Novel Blood-Brain Barrier Models Derived From Stem Cell Sources

Tuesday, October 18, 2011: 10:40 AM
L100 F (Minneapolis Convention Center)
Ethan S. Lippmann1, Samira M. Azarin2, Jennifer E. Kay1, Sean P. Palecek2 and Eric V. Shusta1, (1)Chemical and Biological Engineering, University of Wisconsin-Madison, Madison, WI, (2)Department of Chemical and Biological Engineering, University of Wisconsin-Madison, Madison, WI

Over the past two decades, numerous advances have been made in drug development to treat a wide variety of diseases. However, little progress has been made in treating many serious brain diseases because of the inability of ~98% of small molecule drugs and essentially 100% of all protein therapeutics to cross the blood-brain barrier (BBB) and reach their target. The BBB is composed of endothelial cells (ECs) which line brain capillaries and control trafficking between the brain and bloodstream via specialized barrier properties; this barrier is necessary to maintain brain health and homeostasis but presents a significant bottleneck for brain drug delivery. Thus, a long-standing goal of the brain research community has been the creation of a robust human in vitro BBB model to study the mechanisms of BBB development and regulation, with hopes that a model which accurately represents the in vivo BBB may have use in high throughput screening of neuropharmaceuticals that can readily traverse the BBB.

A typical in vitro model consists of brain endothelial cells co-cultured with astrocytes and neurons, brain cells that have been shown to upregulate the BBB phenotype. However, brain endothelial cells isolated from tissue tend to possess poor barrier properties, are typically not of human origin, and are of extremely low yield. Moreover, human astrocytes and neurons are also not readily available for co-culture. To circumvent these issues, we have taken advantage of human stem cell technology, utilizing pluripotent stem cells (hPSCs) to generate BBB-specific endothelial cells and neural progenitor cells (NPCs) to generate astrocytes and neurons, with the design goal of creating a fully human BBB model.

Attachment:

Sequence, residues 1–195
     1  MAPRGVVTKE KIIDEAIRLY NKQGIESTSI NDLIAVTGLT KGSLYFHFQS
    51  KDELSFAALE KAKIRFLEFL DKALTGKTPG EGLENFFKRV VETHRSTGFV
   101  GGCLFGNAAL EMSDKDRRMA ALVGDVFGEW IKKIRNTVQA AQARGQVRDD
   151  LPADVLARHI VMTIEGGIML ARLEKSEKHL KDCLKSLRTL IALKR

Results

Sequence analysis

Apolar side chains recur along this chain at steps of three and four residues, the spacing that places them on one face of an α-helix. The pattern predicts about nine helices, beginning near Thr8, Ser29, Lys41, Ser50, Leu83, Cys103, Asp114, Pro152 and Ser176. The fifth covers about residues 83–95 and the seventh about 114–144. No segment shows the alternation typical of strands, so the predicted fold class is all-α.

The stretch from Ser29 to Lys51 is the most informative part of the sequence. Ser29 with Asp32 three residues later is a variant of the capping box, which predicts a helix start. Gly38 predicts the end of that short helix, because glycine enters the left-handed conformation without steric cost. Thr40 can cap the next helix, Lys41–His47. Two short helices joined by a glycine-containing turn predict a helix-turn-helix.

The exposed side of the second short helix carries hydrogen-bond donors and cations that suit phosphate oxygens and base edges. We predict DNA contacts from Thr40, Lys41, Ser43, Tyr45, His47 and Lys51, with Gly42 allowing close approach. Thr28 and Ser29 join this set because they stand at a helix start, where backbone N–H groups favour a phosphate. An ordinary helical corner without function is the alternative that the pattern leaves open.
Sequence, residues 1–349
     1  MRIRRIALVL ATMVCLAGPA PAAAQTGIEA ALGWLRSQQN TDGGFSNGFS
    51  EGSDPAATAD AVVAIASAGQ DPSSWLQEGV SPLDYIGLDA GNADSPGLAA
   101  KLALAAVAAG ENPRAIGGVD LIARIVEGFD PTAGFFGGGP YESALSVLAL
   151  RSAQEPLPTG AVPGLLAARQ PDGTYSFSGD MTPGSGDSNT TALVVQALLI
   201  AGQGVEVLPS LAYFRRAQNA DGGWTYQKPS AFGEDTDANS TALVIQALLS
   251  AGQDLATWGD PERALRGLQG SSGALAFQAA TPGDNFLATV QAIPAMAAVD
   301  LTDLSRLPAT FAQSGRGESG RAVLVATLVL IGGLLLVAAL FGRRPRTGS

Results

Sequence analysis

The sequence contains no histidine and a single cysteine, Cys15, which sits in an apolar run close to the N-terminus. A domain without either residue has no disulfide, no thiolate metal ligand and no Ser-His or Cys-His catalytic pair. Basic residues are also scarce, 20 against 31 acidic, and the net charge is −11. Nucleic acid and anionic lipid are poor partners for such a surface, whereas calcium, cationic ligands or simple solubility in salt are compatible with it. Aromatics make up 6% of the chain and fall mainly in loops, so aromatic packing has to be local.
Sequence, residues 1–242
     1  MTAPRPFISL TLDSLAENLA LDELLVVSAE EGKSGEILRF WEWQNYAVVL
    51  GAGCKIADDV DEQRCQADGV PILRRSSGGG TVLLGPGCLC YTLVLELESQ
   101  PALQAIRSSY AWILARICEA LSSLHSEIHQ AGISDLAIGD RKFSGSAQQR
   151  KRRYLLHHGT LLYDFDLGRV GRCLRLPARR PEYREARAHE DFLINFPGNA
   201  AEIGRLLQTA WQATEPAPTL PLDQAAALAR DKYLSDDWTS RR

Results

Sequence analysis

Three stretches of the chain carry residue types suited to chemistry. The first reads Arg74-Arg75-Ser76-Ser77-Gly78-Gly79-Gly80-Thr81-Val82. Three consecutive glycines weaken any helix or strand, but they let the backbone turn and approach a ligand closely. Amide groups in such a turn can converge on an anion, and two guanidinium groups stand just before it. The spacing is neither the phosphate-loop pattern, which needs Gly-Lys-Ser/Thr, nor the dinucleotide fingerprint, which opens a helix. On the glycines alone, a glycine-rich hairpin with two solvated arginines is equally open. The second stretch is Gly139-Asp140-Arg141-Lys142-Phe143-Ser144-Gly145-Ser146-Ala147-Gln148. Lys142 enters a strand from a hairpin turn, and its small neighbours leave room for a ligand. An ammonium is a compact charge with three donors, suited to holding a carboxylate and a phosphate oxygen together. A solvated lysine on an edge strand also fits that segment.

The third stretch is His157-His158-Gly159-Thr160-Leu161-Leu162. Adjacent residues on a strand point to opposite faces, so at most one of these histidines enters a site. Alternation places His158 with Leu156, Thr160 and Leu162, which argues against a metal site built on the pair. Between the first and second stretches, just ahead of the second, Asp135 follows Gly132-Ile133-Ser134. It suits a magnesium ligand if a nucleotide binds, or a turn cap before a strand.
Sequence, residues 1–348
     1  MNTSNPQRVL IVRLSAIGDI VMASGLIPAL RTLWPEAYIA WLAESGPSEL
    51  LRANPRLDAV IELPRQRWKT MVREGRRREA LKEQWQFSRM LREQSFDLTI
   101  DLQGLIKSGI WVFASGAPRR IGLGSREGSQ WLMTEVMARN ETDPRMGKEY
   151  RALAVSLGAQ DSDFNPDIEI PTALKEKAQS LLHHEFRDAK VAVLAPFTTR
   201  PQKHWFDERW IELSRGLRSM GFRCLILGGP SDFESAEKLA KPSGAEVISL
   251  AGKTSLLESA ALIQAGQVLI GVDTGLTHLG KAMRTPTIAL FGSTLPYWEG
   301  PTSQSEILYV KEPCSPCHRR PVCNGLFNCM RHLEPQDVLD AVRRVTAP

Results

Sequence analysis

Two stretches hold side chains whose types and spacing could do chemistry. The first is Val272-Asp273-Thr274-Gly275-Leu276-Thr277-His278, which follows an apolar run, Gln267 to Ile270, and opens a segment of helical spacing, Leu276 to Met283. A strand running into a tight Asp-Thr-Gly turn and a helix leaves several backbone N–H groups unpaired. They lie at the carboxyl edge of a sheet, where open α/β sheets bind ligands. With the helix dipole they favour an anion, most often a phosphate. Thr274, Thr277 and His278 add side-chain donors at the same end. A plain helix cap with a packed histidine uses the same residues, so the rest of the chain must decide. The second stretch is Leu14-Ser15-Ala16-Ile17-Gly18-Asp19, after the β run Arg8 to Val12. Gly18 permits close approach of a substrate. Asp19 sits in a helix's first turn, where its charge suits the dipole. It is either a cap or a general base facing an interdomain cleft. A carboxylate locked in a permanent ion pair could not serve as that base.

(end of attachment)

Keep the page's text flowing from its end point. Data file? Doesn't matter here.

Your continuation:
The onset of BBB properties in vivo is dependent on cues provided by the developing embryonic brain. Thus, to recapitulate BBB development in vitro, we developed a novel two-step method to first convert hPSCs to embryonic brain cells, followed by selective expansion of primitive ECs within this neural microenvironment. We have verified the embryonic brain cells provide relevant BBB-inductive cues via the Wnt/β-catenin pathway and the ECs, upon receiving these cues, acquire a combination of protein markers that is characteristic of the BBB. After purification, these hPSC-derived brain-specific ECs are shown to possess superior barrier characteristics compared to other reported human in vitro BBB models, including high trans-endothelial electrical resistance (1450±140 ohmsxcm2), representative permeability to drugs within a wide range of lipophilicity (100-fold permeability difference between hydrophobic and hydrophilic compounds), and functional expression of influx and efflux transporters such as GLUT-1, p-glycoprotein, breast cancer resistance protein, and members of the multidrug resistance protein family.

In parallel, we established differentiation protocols for converting NPCs to mixtures of astrocytes and neurons optimized for co-culture with the brain-specific ECs. In particular, we performed proof-of-principle experiments to demonstrate that both rodent and human NPCs differentiated to astrocytes and neurons can upregulate BBB properties in primary rodent brain endothelial cells, a phenomenon that was contingent on NPC maturation state and final astrocyte to neuron ratio. We are currently in the process of combining the hPSC and NPC platforms to create a fully humanized BBB model that will accelerate the discovery and characterization of novel brain-penetrating therapeutics. Further, we believe the hPSC platform represents an excellent model system for studying BBB formation and maturation, which could have clinical relevance for the treatment of a variety of neurological diseases.

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See more of this Session: Stem Cells In Tissue Engineering I
See more of this Group/Topical: Food, Pharmaceutical & Bioengineering Division